Monday, October 14, 2013

Ender's Game

The film Ender's Game has been making a lot of buzz but it was before I even knew a film was being created that I had heard of this book. It's been around longer than I have been alive and yet I never read it. Sci-fi is not of my interest, not really, and as a kid I avoided books with a male protagonist like the plague. Being older now and seeing how many people read this book and enjoyed it, I wanted to give it a try. But, as is often the case, it kept getting pushed aside until recently.

I can see how this book would attract space-loving tweens but it certainly was not a book of my interests. I dragged through it and I felt much of the book could have been shortened up.

We're introduced to the world of the future, where we fought an alien race and won but have to always prepare for another battle. Not only that, but we have the ability to inhabit other planets, or at least that's the hope.

Ender, the youngest of three children in a world where it appears two is the preferred number, is "chosen" and taken away to train for this possible battle. The book follows Ender as he grows older, trains, and succeeds. For me, this was boring. Ender is generally off on his own, he makes few friends, and those whom he does become friends with he keeps at a distance. Most of the book follows Ender, as he's the main character, but there are breaks where the reader is brought back to earth and given the opportunity to follow someone else -- Ender's sister, Valentine.

Valentine and Ender had a strange relationship. They were extremely close to one another up until Ender left but even then, Ender thinks of Valentine often and she seems to be what pulls him back from developing too much of blood lust. Valentine, along with a power hungry older brother, have begun to post opposing political opinions that the world seems to be gobbling up.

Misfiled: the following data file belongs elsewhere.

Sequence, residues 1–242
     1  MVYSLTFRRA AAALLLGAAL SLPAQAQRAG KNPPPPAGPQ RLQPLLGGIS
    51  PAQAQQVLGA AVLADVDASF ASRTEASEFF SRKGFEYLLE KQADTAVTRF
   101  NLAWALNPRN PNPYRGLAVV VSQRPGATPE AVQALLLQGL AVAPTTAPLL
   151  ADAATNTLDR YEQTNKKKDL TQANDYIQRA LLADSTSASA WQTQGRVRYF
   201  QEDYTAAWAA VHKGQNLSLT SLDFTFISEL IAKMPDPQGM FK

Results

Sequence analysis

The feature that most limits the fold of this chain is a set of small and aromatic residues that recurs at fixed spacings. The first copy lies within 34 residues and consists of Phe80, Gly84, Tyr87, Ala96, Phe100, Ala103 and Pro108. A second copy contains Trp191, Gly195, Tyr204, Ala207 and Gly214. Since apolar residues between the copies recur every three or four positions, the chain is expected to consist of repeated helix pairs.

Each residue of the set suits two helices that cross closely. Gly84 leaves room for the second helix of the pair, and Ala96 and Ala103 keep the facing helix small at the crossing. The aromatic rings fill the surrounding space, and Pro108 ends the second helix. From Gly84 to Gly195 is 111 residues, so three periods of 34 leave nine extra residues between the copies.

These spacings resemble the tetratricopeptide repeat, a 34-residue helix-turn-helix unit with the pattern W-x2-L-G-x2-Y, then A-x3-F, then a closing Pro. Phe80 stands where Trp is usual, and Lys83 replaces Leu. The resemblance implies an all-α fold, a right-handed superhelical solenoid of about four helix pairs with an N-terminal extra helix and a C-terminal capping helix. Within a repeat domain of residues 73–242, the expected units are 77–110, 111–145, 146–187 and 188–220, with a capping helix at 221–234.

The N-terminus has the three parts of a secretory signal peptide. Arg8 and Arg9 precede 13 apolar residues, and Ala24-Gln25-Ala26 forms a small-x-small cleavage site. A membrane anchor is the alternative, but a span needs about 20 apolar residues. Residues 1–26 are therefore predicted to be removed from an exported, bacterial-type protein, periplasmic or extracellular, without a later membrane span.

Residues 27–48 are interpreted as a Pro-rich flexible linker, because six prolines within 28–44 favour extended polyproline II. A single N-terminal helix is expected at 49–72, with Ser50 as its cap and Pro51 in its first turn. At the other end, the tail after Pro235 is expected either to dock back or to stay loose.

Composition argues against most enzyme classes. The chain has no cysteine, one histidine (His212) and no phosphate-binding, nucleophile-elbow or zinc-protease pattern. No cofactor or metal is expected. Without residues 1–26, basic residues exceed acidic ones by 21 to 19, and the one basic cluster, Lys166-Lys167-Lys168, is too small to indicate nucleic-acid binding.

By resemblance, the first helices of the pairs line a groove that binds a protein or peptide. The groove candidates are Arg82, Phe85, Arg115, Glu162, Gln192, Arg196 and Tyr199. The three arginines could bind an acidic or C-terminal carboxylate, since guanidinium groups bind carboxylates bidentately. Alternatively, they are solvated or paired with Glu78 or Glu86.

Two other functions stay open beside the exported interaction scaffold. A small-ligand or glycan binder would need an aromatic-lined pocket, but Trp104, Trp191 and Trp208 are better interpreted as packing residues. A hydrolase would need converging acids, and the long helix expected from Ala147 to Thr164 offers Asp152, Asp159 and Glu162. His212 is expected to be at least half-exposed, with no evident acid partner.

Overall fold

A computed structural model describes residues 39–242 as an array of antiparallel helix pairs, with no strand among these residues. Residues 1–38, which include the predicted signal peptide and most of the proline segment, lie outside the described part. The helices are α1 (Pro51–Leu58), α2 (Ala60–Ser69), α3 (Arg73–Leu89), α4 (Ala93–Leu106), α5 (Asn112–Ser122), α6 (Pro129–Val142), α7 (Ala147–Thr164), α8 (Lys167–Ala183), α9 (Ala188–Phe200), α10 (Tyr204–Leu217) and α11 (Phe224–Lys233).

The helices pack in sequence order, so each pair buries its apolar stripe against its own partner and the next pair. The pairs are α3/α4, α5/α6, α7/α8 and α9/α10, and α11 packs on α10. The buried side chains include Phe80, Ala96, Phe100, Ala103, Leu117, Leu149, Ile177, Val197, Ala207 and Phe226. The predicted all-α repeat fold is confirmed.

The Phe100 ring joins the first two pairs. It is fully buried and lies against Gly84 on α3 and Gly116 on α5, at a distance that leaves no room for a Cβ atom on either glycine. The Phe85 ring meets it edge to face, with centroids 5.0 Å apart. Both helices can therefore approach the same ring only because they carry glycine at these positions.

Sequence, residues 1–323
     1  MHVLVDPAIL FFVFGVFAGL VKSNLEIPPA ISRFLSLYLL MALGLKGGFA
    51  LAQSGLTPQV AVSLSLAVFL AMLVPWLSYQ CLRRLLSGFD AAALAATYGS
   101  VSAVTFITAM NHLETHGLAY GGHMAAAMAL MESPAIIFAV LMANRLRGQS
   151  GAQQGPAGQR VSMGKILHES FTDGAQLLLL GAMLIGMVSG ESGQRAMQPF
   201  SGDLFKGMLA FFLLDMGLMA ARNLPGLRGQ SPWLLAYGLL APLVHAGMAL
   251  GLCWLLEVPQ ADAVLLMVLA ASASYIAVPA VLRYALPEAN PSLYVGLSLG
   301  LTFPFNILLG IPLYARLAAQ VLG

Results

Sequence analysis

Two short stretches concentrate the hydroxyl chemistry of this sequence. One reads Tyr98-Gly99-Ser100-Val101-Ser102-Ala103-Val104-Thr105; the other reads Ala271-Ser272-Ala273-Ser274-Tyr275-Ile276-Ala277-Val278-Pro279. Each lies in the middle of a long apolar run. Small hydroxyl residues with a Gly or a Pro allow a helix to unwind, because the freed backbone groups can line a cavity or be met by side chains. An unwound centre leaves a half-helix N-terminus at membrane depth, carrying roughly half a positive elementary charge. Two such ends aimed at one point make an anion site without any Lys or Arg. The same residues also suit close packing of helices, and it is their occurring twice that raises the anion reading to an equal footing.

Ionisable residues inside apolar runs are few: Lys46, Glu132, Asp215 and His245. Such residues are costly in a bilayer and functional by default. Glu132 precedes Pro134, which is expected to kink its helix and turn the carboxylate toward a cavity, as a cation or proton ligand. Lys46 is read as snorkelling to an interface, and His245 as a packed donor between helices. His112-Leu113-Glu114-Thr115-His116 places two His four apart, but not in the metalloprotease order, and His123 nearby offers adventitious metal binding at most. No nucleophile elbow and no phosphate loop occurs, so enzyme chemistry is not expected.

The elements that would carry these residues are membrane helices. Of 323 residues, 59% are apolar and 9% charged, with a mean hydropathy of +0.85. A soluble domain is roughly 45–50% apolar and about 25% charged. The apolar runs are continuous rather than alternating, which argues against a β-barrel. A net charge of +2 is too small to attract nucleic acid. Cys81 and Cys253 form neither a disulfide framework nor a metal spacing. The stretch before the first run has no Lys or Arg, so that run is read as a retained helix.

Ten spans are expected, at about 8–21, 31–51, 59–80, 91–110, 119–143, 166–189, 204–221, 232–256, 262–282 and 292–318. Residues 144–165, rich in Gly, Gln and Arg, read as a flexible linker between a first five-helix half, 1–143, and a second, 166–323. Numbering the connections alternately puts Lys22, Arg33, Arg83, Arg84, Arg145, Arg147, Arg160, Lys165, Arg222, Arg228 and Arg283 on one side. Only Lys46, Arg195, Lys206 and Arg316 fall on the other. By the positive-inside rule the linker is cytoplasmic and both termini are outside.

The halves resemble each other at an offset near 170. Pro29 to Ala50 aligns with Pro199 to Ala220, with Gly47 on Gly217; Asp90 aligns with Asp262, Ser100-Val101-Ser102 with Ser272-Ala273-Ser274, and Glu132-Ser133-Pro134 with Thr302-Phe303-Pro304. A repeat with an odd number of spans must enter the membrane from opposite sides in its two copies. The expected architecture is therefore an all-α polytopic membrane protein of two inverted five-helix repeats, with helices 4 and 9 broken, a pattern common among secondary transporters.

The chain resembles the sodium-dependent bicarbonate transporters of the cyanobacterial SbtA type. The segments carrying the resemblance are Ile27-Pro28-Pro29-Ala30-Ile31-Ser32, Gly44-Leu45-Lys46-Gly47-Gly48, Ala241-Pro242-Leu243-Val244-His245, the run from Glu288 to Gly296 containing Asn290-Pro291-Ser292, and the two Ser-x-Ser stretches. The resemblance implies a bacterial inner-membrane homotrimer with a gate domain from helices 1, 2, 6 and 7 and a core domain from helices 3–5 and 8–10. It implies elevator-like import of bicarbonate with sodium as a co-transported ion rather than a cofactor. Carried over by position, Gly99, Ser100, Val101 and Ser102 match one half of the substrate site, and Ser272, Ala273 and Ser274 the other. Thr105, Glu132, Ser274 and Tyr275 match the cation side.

For me, Valentine was much more interesting a character and had much more depth. Ender was... lacking emotion. He did what he did and maybe he felt so much that it wasn't coming across, I'm not sure, but I just found that I didn't feel for him.

Another aspect of the book that bothered me was that the children, which are literally children (under 10!), spoke with more eloquence than most adults do. Children can be articulate but I felt that it was harder to believe that small children were creating concepts and political strategies at such a young age.

In general, the book bored me and frustrated me. I felt that it often dragged and I found I had no emotional attachment to any of the characters in its pages. I like to feel emotion for the characters I read about, otherwise I feel it's a bit of a wasted effort. This won't be a book I'll be reading again, I just didn't enjoy it.

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